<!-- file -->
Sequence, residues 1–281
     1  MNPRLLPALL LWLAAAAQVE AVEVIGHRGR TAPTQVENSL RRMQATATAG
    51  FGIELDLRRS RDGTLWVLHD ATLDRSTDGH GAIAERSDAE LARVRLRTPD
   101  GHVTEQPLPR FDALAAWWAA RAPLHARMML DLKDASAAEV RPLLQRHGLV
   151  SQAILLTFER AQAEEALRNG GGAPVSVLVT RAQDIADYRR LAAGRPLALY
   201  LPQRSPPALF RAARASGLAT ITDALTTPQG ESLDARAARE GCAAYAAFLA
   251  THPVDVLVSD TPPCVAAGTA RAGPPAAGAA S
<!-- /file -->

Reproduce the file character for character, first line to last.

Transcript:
Sequence, residues 1–281
     1  MNPRLLPALL LWLAAAAQVE AVEVIGHRGR TAPTQVENSL RRMQATATAG
    51  FGIELDLRRS RDGTLWVLHD ATLDRSTDGH GAIAERSDAE LARVRLRTPD
   101  GHVTEQPLPR FDALAAWWAA RAPLHARMML DLKDASAAEV RPLLQRHGLV
   151  SQAILLTFER AQAEEALRNG GGAPVSVLVT RAQDIADYRR LAAGRPLALY
   201  LPQRSPPALF RAARASGLAT ITDALTTPQG ESLDARAARE GCAAYAAFLA
   251  THPVDVLVSD TPPCVAAGTA RAGPPAAGAA S